Invergordon 1972

​​​​​​​Highland Single Grain Scotch Whisky


Invergordon distillery exclusively produces grain whisky. And that on large scale: With its production capacity of currently around 36 million liter, it is among the biggest whisky distilleries in Scotland. The distillery was founded in the city Invergordon (around 20km north of Inverness) in 1959, and it is the only grain distillery in the Scottish Highlands. The first New Make was produced in 1961. The Still House is home to four Coffey Stills, the distilling apparatus typically used for producing grain whisky.

Almost the entire production outturn goes into the blended whisky brands of Whyte & Mackay, the distillery owners. There is just one (nowadays extremely rare) single grain bottling of Invergordon whisky ever released by the owners themselves, at least to our knowledge. Likewise, Invergordon distillates are only sporadically available from independent bottlers. We, at DramCatcher, are all the more happy to be able to present this wonderful bottling of a 50 years old Single Grain Scotch Whisky.

At DramCatcher, we strongly believe that in most cases grain whiskies require a (very) long cask maturation to gain the quality required for a single cask bottling. But then, they may be nothing short of spectacular. In our view, this bottling is a very fine testimony.



A tasting video by Whiskynotes CS can be found on YouTube:

#186. INVERGORDON 1972 - 50yo - 41.5%Vol. - Hogshead - by Dramcatcher


Tasting notes from Whisky-news.com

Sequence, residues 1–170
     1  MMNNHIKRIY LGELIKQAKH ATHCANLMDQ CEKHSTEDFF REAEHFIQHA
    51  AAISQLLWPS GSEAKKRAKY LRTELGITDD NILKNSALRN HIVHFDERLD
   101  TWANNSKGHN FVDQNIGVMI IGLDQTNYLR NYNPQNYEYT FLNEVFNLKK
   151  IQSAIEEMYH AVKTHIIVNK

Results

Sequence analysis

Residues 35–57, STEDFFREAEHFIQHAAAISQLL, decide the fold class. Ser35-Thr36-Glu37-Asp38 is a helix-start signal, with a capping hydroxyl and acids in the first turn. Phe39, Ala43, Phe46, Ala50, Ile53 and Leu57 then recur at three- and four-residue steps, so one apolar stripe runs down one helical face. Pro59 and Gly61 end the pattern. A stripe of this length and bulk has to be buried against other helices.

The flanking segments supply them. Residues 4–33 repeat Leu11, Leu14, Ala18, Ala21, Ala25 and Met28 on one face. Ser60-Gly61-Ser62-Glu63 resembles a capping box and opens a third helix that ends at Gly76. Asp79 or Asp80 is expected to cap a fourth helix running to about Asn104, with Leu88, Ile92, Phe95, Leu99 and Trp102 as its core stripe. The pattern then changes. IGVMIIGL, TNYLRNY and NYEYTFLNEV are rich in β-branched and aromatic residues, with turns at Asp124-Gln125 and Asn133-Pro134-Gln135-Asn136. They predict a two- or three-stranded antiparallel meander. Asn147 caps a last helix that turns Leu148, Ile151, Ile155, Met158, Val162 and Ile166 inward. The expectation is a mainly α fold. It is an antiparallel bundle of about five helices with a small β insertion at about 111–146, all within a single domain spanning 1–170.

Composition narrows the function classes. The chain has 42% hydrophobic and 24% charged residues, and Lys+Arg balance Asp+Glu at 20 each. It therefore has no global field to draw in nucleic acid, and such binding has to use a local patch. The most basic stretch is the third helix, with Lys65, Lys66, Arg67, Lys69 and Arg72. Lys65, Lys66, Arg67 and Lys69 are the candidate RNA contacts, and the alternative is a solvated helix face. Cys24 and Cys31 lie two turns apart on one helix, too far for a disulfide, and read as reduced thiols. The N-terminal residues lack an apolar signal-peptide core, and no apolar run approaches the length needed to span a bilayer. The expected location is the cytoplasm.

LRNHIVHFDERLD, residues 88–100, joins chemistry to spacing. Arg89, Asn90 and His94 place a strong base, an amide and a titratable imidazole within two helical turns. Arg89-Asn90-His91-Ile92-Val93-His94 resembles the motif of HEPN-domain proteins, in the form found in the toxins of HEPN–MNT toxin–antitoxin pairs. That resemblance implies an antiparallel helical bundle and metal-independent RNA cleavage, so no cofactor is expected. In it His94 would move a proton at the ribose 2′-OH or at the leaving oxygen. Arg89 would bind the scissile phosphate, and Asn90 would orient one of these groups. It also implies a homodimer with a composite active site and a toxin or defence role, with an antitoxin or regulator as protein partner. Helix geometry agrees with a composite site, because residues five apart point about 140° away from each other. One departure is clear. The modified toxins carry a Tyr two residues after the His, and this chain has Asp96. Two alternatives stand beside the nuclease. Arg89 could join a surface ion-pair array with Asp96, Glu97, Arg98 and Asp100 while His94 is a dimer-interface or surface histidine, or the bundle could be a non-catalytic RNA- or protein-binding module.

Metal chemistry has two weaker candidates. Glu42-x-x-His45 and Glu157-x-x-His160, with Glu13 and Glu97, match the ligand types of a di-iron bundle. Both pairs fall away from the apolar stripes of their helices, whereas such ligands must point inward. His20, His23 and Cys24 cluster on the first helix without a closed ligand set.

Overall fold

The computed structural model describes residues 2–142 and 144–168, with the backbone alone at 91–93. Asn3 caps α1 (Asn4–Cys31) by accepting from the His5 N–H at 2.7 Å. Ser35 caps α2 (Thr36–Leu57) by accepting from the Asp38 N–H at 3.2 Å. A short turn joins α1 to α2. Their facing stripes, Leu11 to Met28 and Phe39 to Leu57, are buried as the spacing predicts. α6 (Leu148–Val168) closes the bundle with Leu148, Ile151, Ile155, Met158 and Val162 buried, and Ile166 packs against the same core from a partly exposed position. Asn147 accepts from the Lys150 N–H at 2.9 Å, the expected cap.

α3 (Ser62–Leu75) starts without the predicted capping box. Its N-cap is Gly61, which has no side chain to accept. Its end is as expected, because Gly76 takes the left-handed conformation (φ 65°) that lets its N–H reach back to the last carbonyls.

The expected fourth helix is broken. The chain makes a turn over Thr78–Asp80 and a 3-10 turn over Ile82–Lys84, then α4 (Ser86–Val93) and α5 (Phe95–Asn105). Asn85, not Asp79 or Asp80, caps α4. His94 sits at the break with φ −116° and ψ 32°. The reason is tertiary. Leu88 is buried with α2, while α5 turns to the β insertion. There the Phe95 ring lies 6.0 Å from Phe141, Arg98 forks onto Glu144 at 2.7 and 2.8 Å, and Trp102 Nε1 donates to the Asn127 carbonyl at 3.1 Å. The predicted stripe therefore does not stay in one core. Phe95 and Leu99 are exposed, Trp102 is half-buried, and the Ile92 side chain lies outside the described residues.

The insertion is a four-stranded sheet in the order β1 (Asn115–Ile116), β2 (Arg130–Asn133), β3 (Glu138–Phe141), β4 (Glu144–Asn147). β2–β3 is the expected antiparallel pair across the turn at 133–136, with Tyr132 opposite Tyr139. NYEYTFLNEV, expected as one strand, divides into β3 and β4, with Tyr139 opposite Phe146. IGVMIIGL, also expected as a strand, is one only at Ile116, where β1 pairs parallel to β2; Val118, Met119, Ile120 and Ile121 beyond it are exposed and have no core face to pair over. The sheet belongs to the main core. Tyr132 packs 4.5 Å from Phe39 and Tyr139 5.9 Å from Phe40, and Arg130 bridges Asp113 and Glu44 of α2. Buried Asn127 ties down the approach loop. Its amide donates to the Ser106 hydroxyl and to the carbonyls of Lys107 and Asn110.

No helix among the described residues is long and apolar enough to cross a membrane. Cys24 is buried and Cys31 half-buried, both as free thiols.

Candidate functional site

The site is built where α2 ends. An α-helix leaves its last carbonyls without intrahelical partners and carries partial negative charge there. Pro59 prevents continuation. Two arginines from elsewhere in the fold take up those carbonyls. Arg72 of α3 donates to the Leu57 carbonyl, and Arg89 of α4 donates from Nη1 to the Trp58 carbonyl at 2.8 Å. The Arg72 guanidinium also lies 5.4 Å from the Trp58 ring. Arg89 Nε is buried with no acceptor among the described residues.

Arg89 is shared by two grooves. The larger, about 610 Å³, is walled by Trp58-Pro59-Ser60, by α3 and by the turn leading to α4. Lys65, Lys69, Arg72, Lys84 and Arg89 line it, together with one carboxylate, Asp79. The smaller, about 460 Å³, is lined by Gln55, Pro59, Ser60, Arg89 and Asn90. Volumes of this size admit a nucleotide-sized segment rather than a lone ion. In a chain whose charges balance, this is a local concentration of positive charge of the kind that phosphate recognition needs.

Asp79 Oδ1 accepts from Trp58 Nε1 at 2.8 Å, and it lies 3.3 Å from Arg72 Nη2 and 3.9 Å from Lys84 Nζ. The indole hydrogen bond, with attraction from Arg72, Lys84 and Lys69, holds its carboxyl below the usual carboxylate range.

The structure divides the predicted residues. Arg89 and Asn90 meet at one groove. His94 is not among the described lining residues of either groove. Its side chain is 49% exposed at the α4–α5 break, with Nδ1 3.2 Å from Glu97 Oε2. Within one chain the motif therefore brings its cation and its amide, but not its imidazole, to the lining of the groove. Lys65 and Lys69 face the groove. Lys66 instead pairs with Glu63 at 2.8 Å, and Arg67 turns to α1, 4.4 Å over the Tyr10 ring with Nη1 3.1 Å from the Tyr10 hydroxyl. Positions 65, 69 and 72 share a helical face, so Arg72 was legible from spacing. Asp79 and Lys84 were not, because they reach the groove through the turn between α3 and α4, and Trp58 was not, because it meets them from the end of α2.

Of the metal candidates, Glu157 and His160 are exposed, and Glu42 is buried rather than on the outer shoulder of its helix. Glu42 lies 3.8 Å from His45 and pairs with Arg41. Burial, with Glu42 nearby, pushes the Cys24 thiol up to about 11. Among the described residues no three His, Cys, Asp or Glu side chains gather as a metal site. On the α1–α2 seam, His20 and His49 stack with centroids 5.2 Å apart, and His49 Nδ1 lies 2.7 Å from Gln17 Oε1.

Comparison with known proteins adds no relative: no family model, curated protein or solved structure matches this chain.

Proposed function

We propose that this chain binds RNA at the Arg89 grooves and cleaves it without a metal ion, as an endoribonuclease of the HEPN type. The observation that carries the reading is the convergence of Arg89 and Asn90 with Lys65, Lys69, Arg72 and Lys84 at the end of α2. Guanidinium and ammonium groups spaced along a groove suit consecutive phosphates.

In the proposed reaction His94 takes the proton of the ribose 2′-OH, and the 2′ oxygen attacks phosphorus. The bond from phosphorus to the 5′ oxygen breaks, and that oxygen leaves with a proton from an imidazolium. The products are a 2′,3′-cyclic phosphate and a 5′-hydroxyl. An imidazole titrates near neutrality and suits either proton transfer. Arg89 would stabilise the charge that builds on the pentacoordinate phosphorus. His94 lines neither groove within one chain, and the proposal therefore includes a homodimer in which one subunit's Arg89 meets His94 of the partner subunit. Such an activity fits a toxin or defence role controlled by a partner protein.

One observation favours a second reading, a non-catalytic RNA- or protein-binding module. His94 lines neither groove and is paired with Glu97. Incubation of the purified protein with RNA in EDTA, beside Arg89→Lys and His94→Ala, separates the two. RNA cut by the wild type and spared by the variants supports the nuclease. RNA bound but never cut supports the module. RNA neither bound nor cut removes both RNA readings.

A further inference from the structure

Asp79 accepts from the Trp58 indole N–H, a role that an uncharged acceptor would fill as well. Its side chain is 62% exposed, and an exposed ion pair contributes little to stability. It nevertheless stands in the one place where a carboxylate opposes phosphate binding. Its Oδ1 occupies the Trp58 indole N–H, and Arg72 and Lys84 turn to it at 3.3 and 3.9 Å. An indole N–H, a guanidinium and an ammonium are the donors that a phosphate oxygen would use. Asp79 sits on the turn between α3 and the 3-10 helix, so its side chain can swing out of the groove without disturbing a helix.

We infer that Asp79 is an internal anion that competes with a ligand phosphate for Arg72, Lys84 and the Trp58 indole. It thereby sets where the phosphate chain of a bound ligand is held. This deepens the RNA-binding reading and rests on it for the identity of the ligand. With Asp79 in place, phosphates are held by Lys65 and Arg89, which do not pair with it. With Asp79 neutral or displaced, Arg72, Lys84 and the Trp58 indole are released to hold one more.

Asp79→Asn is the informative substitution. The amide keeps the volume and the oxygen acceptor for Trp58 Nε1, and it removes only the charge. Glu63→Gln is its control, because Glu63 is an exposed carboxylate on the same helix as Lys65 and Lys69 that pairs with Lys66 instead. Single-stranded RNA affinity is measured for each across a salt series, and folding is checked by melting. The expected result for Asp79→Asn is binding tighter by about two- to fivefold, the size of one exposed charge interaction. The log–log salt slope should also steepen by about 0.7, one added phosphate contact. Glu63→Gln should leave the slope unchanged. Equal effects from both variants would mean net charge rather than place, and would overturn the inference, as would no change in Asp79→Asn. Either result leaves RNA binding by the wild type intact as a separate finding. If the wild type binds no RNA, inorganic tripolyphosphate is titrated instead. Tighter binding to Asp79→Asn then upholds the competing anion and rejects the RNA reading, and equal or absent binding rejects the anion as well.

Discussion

And whiskynotes.be reviewed our Invergordon too: Invergordon / North British / Cameronbridge | review (whiskynotes.be)

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Our personal tasting notes:


Colour: Like antique furniture made of old oak wood.

Nose: Countless aromas, fine and complexly interwoven. WOW, what a start! As if you were sitting in the whisky bar of a historic Scottish clan-house. Old leather and oak wood. Dried tobacco leaves. Caramelised sugar (toffee), still hot, and with just a hint of cinnamon, nutmeg and orange peal. Roasted nuts. All embraced by the odor of a large basket filled with freshly peeled banana, papaya, mango, and khaki. An abundance of pure honey. The ensemble feels heavy and thick.

Palate: Surprisingly fresh. Toffee or Crème Brulée? And then again, the exotic fruits. A touch coconut, vanilla and some floral notes. Dried herbs in the backyard. Reminiscences of old rums made of thick sugar-cane molasses. And honey, lots of!

Finish: leather, oak wood, dried tobacco and caramel bisquits round off the tasting experience and close the circle that started with the nosing aromas. The herbs become a wee bit more prominent and are complemented by a trace of coffee and milk chocolate. Full-bodied and sticky. The finish is – rather untypically for grain whiskies – long and lasting.

Verdict: A masterpiece. History caught in a bottle. Recipe for an unforgettable evening: time and leisure, an intriguing book (or a classic movie), flaring flames in the chimney and a dram of this exquisite grain whisky. It won't end with that single dram. Guaranteed…